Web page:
Hydrate Control During Deepwater Drilling: Overview and New Drilling-Fluids Formulations
- Hege Ebeltoft (Statoil) | Yousif Majeed (IITRI Westport Technology Center Intl.) | Eirik Sœrgärd (Norsk Hydro ASA)
- Document ID
- Society of Petroleum Engineers
- SPE Drilling & Completion
- Publication Date
- March 2001
- Document Type
- Journal Paper
- 19 - 26
- 2001. Society of Petroleum Engineers
- 2.1.7 Deepwater Completions Design, 1.6 Drilling Operations, 1.7 Pressure Management, 1.6.1 Drilling Operation Management, 4.1.5 Processing Equipment, 2.5.2 Fracturing Materials (Fluids, Proppant), 1.11 Drilling Fluids and Materials, 3.4.1 Inhibition and Remediation of Hydrates, Scale, Paraffin / Wax and Asphaltene, 4.6 Natural Gas, 2.4.3 Sand/Solids Control, 4.3.1 Hydrates, 1.8 Formation Damage, 5.9.1 Gas Hydrates, 4.1.2 Separation and Treating, 1.7.5 Well Control, 1.11.2 Drilling Fluid Selection and Formulation (Chemistry, Properties)
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Gas-hydrate formation during deepwater offshore drilling is a well-recognized operational hazard. Plugging the blowout preventer (BOP) stack, choke, and kill lines with hydrates can cause a serious well-control problem. We conducted an up-to-date review of the drilling practices and mud formulations applied in deepwater drilling as related to gas-hydrate control and mitigation. The review indicated that salt/polymer mud systems are the most commonly used mud formulations in the Gulf of Mexico, North Sea, and offshore Brazil. Successful drilling with these systems has been achieved to water depths of up to 7,500 ft.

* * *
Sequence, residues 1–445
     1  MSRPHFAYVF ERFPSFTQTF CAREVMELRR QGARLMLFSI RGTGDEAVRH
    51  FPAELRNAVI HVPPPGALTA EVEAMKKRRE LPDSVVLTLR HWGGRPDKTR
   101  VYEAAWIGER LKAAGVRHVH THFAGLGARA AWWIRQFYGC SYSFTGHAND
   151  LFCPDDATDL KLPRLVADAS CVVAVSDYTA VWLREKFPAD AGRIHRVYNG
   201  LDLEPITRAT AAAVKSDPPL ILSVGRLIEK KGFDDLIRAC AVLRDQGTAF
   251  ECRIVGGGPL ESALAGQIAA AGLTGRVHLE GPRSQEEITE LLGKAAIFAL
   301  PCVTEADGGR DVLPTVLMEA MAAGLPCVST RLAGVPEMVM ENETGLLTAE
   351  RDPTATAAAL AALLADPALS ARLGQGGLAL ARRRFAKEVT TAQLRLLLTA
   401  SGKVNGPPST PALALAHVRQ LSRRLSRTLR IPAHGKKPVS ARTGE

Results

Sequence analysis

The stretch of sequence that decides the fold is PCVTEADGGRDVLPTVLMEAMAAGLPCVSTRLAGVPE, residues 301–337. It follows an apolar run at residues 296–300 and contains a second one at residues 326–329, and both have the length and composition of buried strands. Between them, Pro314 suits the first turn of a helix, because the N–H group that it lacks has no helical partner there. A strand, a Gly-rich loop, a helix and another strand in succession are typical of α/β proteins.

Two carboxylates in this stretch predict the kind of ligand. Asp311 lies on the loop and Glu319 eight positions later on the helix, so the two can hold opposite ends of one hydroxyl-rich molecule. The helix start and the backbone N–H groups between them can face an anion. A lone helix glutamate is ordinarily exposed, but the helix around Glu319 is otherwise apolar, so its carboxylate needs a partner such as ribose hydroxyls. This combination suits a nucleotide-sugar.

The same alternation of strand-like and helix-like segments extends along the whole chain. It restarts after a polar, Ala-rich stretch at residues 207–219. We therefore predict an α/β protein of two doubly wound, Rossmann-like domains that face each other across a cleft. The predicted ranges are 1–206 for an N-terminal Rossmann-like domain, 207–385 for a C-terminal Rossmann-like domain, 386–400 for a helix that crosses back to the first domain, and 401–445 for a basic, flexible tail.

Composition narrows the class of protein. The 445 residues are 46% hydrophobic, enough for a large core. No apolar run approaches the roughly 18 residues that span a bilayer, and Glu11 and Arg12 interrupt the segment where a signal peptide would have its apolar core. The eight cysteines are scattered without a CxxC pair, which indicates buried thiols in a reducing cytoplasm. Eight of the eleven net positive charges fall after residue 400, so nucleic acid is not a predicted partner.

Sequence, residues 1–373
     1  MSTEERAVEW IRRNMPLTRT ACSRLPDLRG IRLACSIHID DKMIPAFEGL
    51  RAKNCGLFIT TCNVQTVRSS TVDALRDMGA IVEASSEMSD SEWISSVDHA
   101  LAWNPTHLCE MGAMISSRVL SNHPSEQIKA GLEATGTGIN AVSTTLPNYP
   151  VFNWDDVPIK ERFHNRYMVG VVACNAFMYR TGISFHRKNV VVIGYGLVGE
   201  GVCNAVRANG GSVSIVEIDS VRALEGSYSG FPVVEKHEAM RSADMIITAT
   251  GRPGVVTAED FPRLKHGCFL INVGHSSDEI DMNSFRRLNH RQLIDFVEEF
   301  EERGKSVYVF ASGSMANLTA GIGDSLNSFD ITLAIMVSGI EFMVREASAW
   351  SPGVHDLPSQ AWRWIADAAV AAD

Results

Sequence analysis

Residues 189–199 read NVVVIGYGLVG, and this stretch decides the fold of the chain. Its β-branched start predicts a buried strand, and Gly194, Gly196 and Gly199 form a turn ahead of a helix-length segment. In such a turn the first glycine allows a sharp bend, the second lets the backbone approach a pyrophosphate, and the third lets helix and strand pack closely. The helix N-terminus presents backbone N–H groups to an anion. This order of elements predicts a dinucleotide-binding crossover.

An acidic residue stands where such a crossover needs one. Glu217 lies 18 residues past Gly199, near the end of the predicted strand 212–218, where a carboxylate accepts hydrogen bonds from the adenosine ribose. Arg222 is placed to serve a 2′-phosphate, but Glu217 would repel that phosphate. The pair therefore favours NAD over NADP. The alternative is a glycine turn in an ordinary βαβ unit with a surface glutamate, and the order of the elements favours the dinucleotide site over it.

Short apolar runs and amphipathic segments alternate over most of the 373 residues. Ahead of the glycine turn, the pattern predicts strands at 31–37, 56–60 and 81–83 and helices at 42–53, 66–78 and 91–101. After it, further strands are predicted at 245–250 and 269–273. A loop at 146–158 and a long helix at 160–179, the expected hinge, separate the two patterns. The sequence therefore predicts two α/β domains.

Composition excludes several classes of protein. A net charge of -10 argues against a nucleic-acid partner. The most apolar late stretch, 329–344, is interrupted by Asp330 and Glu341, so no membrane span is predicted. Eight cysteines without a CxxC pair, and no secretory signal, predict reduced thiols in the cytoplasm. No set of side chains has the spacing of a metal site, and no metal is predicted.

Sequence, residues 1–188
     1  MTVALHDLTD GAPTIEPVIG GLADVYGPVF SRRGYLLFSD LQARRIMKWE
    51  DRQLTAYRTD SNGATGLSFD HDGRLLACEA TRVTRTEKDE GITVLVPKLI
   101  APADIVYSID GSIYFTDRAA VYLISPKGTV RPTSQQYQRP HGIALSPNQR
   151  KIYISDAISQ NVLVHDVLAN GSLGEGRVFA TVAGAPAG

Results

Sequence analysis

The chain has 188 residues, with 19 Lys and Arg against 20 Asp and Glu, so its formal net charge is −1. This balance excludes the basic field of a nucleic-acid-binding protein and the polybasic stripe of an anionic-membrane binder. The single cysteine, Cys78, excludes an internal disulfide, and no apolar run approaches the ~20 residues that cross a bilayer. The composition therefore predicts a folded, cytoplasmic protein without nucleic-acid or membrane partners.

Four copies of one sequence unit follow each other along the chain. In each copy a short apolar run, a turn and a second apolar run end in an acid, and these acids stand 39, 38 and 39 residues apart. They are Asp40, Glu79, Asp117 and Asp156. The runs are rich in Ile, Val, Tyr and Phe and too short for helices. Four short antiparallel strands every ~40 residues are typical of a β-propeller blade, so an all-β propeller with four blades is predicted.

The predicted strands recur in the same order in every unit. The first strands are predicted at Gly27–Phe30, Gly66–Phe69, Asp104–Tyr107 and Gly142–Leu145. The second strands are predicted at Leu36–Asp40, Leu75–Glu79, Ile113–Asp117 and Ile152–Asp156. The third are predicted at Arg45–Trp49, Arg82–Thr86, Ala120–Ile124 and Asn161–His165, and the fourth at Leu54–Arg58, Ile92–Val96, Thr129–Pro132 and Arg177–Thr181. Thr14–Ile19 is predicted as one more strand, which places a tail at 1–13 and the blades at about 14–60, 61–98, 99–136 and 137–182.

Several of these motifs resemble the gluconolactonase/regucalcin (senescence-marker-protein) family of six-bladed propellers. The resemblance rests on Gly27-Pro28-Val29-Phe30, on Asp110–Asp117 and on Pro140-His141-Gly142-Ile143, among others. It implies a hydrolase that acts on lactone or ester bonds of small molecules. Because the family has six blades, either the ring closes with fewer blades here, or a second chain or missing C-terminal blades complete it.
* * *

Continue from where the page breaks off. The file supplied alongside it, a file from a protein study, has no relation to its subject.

In the second part of this work, we measured the hydrate-phase equilibrium of 25 drilling-fluid formulations. Testing also included two new spotting-fluid formulations. Testing results indicated that, on weight basis, NaCl is the best thermodynamic inhibitor among the salts tested in this work, which are NaBr, Na-formate, KCl, and CaCl2. Although the high solubility of the Na-formate makes it possible to increase hydrate suppression beyond that of NaCl, the former is less effective on weight basis than NaCl. The glycols are considerably less effective inhibitors, on weight basis, than the salts. However, a greater degree of suppression can be achieved by using mixtures of salts and glycols. Among the tested glycols, ethylene glycol showed the best performance compared to Aqua-Col™S, Geo-Meo™ D207, and HP-100N™.
Gas-hydrate formation during deepwater offshore drilling and production is a well-recognized operational hazard. In water depths greater than 1,000 ft, seabed conditions of pressure and temperature become conducive to gas-hydrate formation. In a well-control situation, although kick fluid leaves the formation at a high temperature, with an extended shut-in period it can cool to seabed temperature. With high enough hydrostatic pressure at the mudline, hydrates could form in the BOP stack, choke, and kill lines, as observed in field operations.1
Record water depths are being set continuously by operators in search of promising reserves. The first deepwater well to be drilled in Norwegian deepwater licenses started in the summer of 1997. The extremely low mudline temperature of 28.4 to 30.2°F in this area brings the challenge of designing suitable drilling fluids that prevent hydrate formation and meet other drilling requirements. Current practice in deepwater drilling is to suppress hydrate-formation temperature by using highly saline drilling fluids formulated from NaCl or other salts. This solution is applicable for the Gulf of Mexico, but insufficient for conditions to be encountered in Norwegian deep waters. At extreme water depths or extremely low-mudline temperatures, thermodynamic inhibition alone may not be sufficient to prevent hydrate formation. Using kinetic inhibitors or crystal modifiers, in conjunction with thermodynamic inhibitors, may pave the way for successful operations in such an environment. The definition of kinetic inhibitors (to distinguish them from the classical thermodynamic inhibitors such as polar compounds and electrolytes) comes from the effect of chemicals on the nucleation and growth of natural gas hydrates which are time-dependent and stochastic processes.
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